5.2. Facet-Level Analyses
A more detailed analysis was performed on facet level of the JTCI domains to check for their ability to predict depression. For this analysis, facet scale scores were entered into the hierarchical regression analysis at the second step in the model using forward selection after age and gender were forcedly entered in step one. Nine of the 29 facet scales emerged as unique and significant predictors. Together with gender and age, they explained 52.8% of the variance in CES-D scores (Table 4). Gender was found significant (P < .001). Significant facets, after Bonferroni correction, were SD4 (self-striving) (beta = .24, t = −8.06, P < .001), SD2 (lack of goal direction) (beta = −.277, t = −10.72, P < .001), HA1 (anticipatory worry) (beta = .16, t = 5.56, P < .001), and RD4 (independence) (beta = −.80, t = −3.76, P < .001).
|CES-D: Centre for Epidemiological studies-Depression Scale; JTCI: The Junior Temperament and Character Inventory. For age, Gender, and the evaluation of statistics, ; ; . For the JTCI facets Bonferroni adjustments were made on the critical level, .|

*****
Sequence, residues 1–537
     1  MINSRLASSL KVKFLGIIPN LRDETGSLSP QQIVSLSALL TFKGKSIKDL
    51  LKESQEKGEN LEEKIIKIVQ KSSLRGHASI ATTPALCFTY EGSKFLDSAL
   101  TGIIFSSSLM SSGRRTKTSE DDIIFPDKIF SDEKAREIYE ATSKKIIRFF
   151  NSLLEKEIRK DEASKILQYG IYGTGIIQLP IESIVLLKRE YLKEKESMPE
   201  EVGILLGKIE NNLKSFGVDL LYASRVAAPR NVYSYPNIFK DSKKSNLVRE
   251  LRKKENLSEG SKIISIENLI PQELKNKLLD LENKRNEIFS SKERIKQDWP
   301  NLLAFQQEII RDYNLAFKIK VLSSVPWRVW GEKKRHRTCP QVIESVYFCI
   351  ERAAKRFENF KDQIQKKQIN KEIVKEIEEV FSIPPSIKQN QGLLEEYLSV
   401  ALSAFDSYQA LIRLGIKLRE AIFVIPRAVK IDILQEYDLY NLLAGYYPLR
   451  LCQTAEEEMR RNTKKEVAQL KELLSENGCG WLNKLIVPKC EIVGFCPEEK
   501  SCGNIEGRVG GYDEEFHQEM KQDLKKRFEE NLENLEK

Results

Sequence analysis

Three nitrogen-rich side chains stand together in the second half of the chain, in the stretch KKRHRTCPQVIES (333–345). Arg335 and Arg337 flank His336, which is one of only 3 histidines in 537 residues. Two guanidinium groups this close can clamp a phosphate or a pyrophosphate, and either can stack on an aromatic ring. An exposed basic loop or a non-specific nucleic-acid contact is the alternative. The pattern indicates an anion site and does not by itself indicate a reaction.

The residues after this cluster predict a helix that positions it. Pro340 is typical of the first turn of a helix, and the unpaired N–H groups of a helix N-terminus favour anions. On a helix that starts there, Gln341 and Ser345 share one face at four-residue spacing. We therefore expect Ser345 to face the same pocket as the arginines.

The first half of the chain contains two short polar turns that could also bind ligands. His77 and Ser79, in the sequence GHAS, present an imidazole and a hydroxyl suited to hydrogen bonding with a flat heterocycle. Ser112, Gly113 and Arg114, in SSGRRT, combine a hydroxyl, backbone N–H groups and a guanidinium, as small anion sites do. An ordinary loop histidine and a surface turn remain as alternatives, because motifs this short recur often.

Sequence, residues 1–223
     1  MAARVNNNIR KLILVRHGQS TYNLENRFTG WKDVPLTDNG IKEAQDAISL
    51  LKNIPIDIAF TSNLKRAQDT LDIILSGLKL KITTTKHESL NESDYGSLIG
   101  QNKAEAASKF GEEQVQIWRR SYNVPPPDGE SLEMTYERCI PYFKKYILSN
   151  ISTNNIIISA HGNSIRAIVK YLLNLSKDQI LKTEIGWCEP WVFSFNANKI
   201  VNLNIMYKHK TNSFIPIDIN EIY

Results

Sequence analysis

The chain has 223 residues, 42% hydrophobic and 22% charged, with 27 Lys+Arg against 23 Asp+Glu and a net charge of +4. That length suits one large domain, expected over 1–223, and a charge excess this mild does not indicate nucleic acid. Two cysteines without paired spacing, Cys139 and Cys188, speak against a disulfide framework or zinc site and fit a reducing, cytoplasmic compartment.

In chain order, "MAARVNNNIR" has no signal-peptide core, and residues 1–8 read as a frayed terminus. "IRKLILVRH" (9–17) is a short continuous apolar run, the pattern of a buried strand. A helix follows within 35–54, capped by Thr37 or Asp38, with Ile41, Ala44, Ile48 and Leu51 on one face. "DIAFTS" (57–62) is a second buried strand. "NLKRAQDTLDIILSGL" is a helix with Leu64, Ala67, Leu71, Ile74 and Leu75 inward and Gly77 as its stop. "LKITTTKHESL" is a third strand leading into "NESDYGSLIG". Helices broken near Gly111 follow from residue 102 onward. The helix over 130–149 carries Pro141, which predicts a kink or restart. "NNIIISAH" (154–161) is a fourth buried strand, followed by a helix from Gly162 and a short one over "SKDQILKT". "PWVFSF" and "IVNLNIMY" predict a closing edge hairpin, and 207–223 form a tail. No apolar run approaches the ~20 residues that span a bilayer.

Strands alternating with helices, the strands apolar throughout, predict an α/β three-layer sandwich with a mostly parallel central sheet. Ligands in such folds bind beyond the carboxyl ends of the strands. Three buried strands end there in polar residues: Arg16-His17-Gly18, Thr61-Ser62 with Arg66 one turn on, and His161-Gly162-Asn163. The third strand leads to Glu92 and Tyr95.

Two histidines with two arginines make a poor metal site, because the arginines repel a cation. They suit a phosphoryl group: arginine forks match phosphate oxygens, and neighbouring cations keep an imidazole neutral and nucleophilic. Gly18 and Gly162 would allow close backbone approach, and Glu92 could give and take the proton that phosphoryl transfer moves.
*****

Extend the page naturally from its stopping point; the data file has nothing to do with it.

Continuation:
5.3. Logistic Regression of the JTCI Domains
Direct logistic regression was performed to assess the impact of a number of factors on the likelihood that participants in the study would use MoodGYM or not. The number of users in this sample was not optimal, with only 51 (7.3%) participants actually logging in and using the MoodGYM program.
The model contained ten independent variables (CES-D, GSE, gender, and the JTCI subscales). The overall model was significant = 20.71, P < .05, indicating that the model was able to distinguish between participants that used and those who did not use MoodGYM. The model as a whole explained between 3.2 (Cox and Snell R square) and 7.9% (Nagelkerke R square) of the variance in use/nonuse and correctly classified 45.2% (an improvement of 37.8% from the model where only the constant is included) of the cases. Further, the Hosmer and Lemeshow test has a significance level of .584, thus indicating that the model prediction does not significantly differ from the observed. The Wald criterion showed (Table 5) that only two of the independent variables made a unique statistically significant contribution to the model (CES-D and the subscale RD on the JTCI). Gender, GSE, and six of the JTCI domains were not significant predictors. The strongest predictor of use/nonuse was CES-D, yielding an odds ratio of 1.05 (P < .05), and indicated that those who reported a higher level on CES-D were more likely to use MoodGYM than those who scored lower on CES-D, controlling for all the other factors in the model. This means that for every point a participant increased on the CES-D score, the odds of using MoodGYM increased with 5% (O.R. = 1.05). The odds ratio of .953 for RD (reward dependence) indicates that for every additional point on RD the odds were 4.7% less for the participants to use MoodGYM, controlling for other factors in the model.